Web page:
The finance ministry has completed most of the work on revised draft of the Direct Taxes Code (DTC), and is now planning to introduce the code for public discussion next month.
Finance Minister Pranab Mukherjee on Wednesday said the government was firmly committed to the goal of comprehensive tax reform through the introduction of DTC, as well as the Goods and Services Tax (GST).
In the case of DTC, the process of consultation with the stakeholders for revising the first draft is almost over. We expect to place a revised discussion paper in the public domain by next month, he told Lok Sabha while initiating the debate on the Finance Bill.
Mukherjee said, after a quick round of consultations with some of the major stakeholders, the government should be able to submit the draft legislation to Parliament in the monsoon session.
The government is planning to introduce DTC, which will replace the Income Tax Act, 1961, from April 2011. The finance minister also reiterated that the government would intend to introduce GST from April 2011 a year after the missed original deadline of April 2010. He, however, cautioned the states that the Centre would compensate them for loss of revenue in the initial years of GST only if they agreed to an acceptable rate and common threshold and exemption list.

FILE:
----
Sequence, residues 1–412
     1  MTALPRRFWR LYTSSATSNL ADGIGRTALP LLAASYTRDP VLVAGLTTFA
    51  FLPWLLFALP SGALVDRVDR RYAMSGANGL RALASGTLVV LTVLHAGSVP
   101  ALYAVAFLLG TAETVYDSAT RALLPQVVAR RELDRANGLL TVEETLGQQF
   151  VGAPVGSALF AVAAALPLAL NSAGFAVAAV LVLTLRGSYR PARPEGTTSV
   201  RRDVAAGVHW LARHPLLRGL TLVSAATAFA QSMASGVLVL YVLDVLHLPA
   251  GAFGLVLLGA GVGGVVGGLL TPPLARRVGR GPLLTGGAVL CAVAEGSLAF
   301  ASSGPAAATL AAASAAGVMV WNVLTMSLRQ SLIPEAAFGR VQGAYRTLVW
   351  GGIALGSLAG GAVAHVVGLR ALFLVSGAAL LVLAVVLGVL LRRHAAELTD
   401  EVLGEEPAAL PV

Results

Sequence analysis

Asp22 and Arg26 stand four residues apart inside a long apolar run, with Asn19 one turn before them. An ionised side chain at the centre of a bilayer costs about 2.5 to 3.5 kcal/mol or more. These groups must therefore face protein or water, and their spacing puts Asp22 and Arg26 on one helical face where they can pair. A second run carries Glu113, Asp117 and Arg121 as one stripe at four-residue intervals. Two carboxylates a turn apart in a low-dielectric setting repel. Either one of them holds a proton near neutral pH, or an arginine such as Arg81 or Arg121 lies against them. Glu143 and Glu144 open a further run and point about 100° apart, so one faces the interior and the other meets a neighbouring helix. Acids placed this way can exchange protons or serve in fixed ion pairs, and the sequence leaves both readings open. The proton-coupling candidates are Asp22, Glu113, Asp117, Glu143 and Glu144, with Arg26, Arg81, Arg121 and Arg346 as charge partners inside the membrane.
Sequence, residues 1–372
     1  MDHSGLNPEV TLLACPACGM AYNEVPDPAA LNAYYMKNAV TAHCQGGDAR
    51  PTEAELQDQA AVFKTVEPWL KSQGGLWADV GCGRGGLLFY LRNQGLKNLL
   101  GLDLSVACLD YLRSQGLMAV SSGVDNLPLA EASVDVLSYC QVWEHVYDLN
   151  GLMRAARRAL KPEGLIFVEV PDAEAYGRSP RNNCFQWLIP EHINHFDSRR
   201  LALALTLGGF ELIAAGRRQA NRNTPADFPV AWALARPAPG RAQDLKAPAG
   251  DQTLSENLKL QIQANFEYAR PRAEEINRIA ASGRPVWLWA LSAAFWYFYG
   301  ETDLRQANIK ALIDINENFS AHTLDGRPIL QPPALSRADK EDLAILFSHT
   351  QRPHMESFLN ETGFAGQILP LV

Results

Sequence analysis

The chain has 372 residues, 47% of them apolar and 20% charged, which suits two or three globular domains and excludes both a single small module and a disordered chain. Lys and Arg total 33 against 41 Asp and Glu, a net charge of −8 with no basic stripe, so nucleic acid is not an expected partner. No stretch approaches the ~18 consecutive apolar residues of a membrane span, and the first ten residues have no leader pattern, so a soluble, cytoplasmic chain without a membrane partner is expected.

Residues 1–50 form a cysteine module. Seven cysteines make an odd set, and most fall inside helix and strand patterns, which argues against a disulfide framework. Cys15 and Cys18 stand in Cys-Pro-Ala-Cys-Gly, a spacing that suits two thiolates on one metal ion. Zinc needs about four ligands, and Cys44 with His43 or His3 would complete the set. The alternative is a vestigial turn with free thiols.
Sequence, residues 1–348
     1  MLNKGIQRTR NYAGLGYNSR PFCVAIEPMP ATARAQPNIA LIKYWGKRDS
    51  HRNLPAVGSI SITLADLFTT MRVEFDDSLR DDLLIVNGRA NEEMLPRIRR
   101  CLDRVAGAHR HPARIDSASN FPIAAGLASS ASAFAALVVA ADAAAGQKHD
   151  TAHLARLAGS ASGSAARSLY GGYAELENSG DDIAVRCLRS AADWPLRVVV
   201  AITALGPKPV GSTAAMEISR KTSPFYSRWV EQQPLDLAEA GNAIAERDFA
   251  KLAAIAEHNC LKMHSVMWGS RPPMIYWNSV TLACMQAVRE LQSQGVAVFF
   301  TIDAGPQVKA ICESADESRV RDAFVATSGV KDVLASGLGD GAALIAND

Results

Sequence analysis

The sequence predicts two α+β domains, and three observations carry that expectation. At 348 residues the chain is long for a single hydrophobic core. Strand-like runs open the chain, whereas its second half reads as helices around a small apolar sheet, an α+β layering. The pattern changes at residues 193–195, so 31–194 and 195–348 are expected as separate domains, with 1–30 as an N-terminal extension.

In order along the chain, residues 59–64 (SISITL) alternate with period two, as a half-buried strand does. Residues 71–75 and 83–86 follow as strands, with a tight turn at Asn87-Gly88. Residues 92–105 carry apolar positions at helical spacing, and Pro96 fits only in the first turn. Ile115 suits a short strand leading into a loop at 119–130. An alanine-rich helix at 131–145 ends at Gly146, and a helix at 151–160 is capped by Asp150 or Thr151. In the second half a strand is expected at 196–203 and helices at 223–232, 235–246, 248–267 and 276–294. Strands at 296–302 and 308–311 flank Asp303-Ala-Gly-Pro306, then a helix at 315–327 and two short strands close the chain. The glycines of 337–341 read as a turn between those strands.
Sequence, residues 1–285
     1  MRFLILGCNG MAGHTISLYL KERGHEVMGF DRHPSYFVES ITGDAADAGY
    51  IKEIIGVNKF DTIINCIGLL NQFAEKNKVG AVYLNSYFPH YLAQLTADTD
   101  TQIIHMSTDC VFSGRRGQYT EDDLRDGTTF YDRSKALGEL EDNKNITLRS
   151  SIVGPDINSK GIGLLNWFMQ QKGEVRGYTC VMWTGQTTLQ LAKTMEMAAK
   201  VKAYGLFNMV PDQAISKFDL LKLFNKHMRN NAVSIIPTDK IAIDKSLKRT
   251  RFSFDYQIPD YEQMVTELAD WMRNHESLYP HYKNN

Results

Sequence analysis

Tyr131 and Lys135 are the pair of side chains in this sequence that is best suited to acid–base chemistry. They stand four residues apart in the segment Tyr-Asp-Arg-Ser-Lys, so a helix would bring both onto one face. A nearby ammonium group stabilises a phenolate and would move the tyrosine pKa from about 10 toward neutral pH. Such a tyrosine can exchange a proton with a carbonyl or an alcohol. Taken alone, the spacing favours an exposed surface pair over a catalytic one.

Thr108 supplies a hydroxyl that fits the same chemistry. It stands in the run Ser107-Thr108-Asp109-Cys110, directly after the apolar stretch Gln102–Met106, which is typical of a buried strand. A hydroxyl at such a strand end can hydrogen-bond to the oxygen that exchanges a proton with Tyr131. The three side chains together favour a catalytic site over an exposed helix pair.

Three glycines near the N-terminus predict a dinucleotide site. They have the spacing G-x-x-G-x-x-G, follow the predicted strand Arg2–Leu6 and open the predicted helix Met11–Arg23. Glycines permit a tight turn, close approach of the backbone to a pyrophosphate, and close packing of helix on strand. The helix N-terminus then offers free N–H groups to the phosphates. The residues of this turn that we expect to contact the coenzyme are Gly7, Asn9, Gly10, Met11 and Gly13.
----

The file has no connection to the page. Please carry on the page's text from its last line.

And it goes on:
Some of the states apprehend they may lose some revenue in the initial years of the GST regime. The Centre is willing to provide compensation to the states for these initial years, provided there is an agreement on the broad framework for a common threshold for goods and services between the Centre and the states; common exemption lists between the Centre and the states; mechanism to check deviations; and acceptable level of overall GST rates, he said.
The empowered group of state finance ministers has proposed different thresholds for the states and the Centre. The finance minister also expressed his concern over the current price situation, while hoping the inflation would come down in the coming months.
Indications of softening of food inflation are clearly visible. There has been a significant decline from the peak food inflation of over 20 per cent recorded in December 2009 to 17.7 per cent in March 2010. Besides, the inflation in essential commodities also declined from the peak of 23.8 per cent in January 2010 to 19.8 per cent in March 2010. It is expected that this decline would continue in the coming months uninterruptedly, he added.
On his outlook for 2010-11, Mukherjee said there was a significant pick-up in corporate earnings and profits, and the outlook was further brightened by the prediction of a normal monsoon this year. The economy was expected to grow at around 8.5 during 2010-11 and to breach the 9 per cent mark in 2011-12, he said.